Acute Tennis Elbow is an injury to the muscles that extend the wrist and fingers. The site of injury is typically the lateral epicondyle, a bony bump on the outside of the elbow where these muscles attach.
Tennis Elbow symptoms that have lasted more than 6 weeks are considered to be sub-acute and beyond three months, as chronic tennis elbow.
What are Tennis Elbow Symptoms?
Typically the Tennis Elbow sufferer will experience pain when performing gripping tasks or resisted wrist/finger extension. Pain can also be present when the muscles are stretched. There will be tenderness directly over the bony epicondyle, and there may be trigger points in the wrist muscles.
Some sufferers will also have neck stiffness and tenderness, as well as signs of nerve irritation. Most elbow movements will be pain-free, despite that being the area of pain.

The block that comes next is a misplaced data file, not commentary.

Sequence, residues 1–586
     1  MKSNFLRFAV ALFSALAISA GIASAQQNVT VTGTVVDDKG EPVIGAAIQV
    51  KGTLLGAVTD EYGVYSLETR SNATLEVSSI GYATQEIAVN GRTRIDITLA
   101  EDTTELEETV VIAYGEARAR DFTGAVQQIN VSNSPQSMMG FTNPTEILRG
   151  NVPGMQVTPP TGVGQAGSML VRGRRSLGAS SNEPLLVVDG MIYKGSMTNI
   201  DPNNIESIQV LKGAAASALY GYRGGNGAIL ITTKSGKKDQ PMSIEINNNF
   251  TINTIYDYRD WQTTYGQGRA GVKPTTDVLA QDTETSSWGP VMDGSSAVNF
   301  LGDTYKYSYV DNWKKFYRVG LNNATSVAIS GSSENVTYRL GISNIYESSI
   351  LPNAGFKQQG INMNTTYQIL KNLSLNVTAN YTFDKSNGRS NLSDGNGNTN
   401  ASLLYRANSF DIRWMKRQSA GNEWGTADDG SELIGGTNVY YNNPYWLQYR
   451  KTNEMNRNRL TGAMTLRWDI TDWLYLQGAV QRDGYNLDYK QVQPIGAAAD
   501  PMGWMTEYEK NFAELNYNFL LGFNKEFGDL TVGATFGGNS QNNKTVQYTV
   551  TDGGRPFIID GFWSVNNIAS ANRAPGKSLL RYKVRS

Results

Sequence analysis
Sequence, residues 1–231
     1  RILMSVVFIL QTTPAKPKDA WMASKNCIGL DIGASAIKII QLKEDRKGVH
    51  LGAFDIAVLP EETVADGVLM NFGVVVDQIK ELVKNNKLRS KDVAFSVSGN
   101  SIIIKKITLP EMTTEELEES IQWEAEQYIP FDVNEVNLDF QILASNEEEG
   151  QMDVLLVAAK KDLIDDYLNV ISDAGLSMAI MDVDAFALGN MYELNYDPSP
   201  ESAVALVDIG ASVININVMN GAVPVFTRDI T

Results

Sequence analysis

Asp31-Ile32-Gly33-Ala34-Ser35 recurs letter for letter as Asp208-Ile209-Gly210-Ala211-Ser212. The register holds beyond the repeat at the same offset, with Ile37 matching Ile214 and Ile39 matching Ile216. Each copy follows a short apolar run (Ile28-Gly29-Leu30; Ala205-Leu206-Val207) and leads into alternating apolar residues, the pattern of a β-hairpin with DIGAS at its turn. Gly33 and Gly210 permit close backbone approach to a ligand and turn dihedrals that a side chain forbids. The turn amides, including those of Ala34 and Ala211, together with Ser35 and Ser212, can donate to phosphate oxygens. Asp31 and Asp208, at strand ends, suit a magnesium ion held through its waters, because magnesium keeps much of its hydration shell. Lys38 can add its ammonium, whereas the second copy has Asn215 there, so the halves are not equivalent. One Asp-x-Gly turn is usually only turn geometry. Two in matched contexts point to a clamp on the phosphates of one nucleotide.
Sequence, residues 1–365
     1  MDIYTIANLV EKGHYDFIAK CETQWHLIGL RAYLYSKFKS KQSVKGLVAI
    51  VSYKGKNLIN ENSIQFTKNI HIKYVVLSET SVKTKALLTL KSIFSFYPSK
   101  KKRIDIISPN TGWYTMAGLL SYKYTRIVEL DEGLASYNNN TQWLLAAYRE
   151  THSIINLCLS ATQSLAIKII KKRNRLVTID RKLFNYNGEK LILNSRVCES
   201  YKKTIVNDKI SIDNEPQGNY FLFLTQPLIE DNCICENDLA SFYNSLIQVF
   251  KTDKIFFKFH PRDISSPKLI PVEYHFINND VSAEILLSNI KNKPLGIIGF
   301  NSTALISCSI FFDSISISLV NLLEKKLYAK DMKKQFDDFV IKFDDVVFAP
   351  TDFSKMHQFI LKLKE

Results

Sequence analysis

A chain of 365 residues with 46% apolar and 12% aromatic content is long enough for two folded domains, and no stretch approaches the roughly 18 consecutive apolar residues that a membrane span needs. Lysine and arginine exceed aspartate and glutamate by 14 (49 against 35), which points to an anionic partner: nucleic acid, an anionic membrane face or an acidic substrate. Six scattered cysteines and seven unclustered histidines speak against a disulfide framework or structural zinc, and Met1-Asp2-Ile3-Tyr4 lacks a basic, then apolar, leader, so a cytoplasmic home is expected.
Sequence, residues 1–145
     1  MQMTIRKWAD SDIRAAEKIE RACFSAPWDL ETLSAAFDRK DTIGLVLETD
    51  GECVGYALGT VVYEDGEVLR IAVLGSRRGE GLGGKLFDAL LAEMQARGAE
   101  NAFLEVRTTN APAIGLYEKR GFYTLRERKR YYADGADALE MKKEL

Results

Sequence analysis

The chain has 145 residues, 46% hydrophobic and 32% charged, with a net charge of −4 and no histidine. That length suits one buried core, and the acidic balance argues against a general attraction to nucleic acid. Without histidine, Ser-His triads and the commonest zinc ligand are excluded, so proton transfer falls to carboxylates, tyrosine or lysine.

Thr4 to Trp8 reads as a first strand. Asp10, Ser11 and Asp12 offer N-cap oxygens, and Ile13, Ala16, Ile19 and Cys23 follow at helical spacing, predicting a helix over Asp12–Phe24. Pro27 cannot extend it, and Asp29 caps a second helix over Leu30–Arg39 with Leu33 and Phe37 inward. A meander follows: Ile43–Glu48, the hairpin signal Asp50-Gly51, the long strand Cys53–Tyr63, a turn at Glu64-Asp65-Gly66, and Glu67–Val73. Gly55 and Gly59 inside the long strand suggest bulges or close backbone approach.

What Causes Acute Tennis Elbow?
Acute Tennis Elbow is caused by damaged muscle tissue at the point it anchors to the arm bone at the elbow. It occurs when more force is applied to an area than the normal healthy tissues can handle.
Common Tennis Elbow Causes include:
- Unaccustomed hand use. eg painting a fence, hammering, lots of typing.
- Excessive gripping or wringing activities
- Poor forearm muscle strength or tight muscles
- Poor technique (this may be a poor tennis shot)
In some cases such as Chronic Tennis Elbow, this can occur due to the soft tissues being in poor health, which are easily injured. Inflammation follows the injury, which leads to swelling and elbow pain.
Referred Pain from your Neck can mimic Tennis Elbow
A significant percentage of tennis elbow sufferers may feel pain in the lateral elbow, but not actually be experiencing tennis elbow. There is a high incidence of lateral elbow pain that is referred to your elbow from a cervical spine (neck) injury.
The most common neck joint that refers to your lateral elbow is C5/6, which transmit their pain signals along the radial nerve.